Our new self, born of reflection from reading, may seek greater intimacy with God and others, writes Good Samaritan Sister Joan Sexton.
BY Joan Sexton SGS
If only I knew how to read him
Or how to travel to his dwelling (Job 23:3)
Our pilgrim journey into spirituality takes many paths. We have God’s revelation, spiritual writers, retreats, with their specific spiritual emphasis. However, there are many other facets of life that can lead us into deeper knowledge and feed our spirit. Some of these influences arise from many sources such as art, music, literature and the beauty of creation.
The Sun Herald in New South Wales has a section written by a current author entitled “The books that have influenced me”. Many writings give pause for reflection in our own lives –values, spirituality and deep ponderings that over the years have become part of our lives – what Australian poet, Judith Wright, has expressed as “being hived in us”.
I would like to consider at this time of life, three recent novels which seem to speak of many spiritual qualities.
The first is Geraldine Brooks’ account of the first Indian American to study at Harvard University, entitled Caleb’s Crossing. The ‘crossing’ of the title encompasses Caleb’s movement from his tribal life to a Christian experience and his relationships within the ambit of the white American colonisers.
The novel portrays the heartbreaking transition enforced on the Native Americans living on what is now Martha’s Vineyard under the spell of a witch doctor. The two main characters, Beth and Caleb, first meet at the close of childhood – a time when they are exploring the beauty of nature surrounding their growth.
Beth, the Calvinist daughter of the island preacher, and Caleb caught in the spiritual religion and sorcery of his culture, project the social tension that exists between the settlers and the natives. The depth of this spirit is evidenced when Beth, tempted by the rites of the pagan Indian natives, feels that God has punished her participation by the death of her mother.
Beth and Caleb constantly move between these two religious worlds in a spirit of wonderment, revealing a quest for knowledge not only of wisdom and intellect but especially of the intricacies of the human heart.
Kim Scott’s 2011 Miles Franklin Award winning novel, That Deadman Dance, describes a similar theme. Scott’s novel is set in the south western corner of Western Australia. He presents a focus on the relationship between the early colonisers and the Noongar tribe. The early pattern of friendly relationships set between Dr Cross, a retired army surgeon, and Wunyeran is found in the language of Cross: “We are men of such different backgrounds… and attempting to fuse them, we are preparing for the birth of a new world”.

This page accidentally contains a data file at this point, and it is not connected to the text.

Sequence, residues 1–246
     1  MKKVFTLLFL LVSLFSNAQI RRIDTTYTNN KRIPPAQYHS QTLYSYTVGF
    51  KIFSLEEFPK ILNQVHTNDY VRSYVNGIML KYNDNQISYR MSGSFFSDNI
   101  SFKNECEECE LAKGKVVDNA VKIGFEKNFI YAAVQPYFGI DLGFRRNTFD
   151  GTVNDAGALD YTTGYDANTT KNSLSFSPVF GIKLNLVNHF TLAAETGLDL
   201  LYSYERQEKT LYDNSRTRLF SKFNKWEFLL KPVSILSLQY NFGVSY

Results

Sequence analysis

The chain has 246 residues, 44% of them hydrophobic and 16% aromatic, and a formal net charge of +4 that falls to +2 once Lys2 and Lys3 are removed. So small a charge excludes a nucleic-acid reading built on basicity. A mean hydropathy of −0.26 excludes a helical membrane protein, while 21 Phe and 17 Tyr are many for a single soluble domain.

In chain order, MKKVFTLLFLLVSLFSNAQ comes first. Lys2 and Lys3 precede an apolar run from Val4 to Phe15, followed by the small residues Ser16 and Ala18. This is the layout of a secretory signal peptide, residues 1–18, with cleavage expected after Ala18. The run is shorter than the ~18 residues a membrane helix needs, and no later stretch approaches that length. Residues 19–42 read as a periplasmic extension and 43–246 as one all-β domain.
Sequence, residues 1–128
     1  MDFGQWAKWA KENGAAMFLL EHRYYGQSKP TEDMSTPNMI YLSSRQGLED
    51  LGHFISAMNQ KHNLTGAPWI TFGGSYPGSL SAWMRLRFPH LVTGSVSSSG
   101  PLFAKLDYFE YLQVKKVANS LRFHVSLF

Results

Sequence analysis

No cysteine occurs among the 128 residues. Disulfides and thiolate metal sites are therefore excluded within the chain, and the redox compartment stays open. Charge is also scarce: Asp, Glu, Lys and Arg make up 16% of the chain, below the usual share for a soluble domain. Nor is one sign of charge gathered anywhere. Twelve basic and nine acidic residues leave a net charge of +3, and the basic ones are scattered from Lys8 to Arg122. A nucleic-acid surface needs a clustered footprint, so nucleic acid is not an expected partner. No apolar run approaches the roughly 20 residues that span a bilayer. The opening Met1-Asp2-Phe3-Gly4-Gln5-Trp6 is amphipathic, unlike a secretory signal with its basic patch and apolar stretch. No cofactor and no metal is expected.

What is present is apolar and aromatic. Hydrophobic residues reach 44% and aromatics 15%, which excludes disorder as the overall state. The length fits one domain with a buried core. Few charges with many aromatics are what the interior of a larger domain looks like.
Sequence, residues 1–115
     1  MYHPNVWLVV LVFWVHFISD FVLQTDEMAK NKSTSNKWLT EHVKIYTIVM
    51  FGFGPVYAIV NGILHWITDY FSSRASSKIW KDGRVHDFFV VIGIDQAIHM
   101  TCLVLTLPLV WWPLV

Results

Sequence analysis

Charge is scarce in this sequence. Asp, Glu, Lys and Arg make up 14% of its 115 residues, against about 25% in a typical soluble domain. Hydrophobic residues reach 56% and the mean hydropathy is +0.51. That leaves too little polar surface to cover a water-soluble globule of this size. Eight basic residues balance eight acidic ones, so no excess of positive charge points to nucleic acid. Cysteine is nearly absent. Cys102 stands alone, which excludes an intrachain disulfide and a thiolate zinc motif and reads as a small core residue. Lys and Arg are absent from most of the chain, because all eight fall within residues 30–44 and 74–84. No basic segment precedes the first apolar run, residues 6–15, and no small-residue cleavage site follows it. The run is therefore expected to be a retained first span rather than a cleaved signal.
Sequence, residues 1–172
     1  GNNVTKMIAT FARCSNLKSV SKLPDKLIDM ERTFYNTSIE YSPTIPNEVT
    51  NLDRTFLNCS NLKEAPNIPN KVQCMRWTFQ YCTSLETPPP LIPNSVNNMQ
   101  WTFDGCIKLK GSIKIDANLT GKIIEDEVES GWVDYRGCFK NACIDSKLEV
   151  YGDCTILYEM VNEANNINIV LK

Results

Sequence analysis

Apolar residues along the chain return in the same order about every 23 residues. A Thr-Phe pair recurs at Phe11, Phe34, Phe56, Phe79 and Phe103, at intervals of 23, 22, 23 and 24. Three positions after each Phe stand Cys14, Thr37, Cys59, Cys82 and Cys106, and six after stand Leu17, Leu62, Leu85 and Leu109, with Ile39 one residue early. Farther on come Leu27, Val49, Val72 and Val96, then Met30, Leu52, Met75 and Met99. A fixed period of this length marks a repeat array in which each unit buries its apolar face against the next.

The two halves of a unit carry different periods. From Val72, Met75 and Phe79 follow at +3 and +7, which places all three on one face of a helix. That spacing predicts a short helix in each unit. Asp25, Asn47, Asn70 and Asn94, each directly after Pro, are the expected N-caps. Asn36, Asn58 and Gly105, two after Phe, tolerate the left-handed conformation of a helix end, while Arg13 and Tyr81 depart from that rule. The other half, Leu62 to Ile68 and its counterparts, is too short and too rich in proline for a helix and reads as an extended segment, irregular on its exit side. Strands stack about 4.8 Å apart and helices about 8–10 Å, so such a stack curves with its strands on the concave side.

Into this background, Scott introduces the character of the young Noongar boy, Bobby Wabalanginy. Throughout the novel, Bobby manages to bring up many prophetic and visionary aspects transporting himself through language, mime and dance into the sea, a bird, the whales, the rolling motion of the sea. He is the exponent of the Deadman Dance, an imaginative working on some of the manoeuvres of the military force camped in the area. Robyn Sheahan-Bright has written that “Bobby is the ‘everyman’ figure at the heart of the novel for he is pivotal in almost every encounter”.
The various sequences in the novel – the whaling episodes, the epic coastal journeys, the interplay of flawed characters – cause the reader to wonder at the diversity of human experience, injustice, misunderstanding and loss.
Scott expresses the prophetic aspect of this story in his comment, “You can dive deep into a book and not know just how deep until you return gasping to the surface and are surprised at yourself, your new and so very sensitive skin. As if you’re someone else altogether, come new self trying on the words”. Our new self, born of reflection from reading, may seek greater intimacy with God and others.
My third work of fiction is Anna Funder’s 2012 Miles Franklin winner, All That I Am. Here the very title gives rise to the spiritual account given in this fictional history of the period preceding the Second World War, the intrigues and action of the characters contributing to the sum of who Ruth is as a result of her life and experiences, the love and betrayals that form part of her memories of almost 90 years. The story is told by Ruth, now living in the eastern suburbs of Sydney and recounting the events that transpired throughout the 1930s in Germany and London.
Dora, her cousin, in some respects is the heroine of the novel as she is the organiser of the underground movement, first in Berlin and then in London. Hans, Ruth’s husband, is uneasy in playing second fiddle to Dora who senses this but not sufficiently to prevent his betrayal of the group. His need to have the limelight tortures his mind to the extent that he becomes the Judas figure in the group.
Ruth is devastated by Hans’ action but she lives to recall the events. Hans also survives despite the attempt of the Nazis to eradicate him. For Ruth this is sheer treachery – evil for the sake of personal gain. Ruth sees all these experiences as contributing to the person she is while at the same time acknowledging the greatness of those who died for their convictions, especially Dora of whom she exclaims, “We moved in her orbit and the force of her kept us going”.
So for us, reading has the capacity to draw one into solitude, to tease the mind with reflection or be suddenly confronted with a challenge, as Judith Wright has so evocatively expressed it, “Strange, primitive piece of flesh, the heart laid quiet”.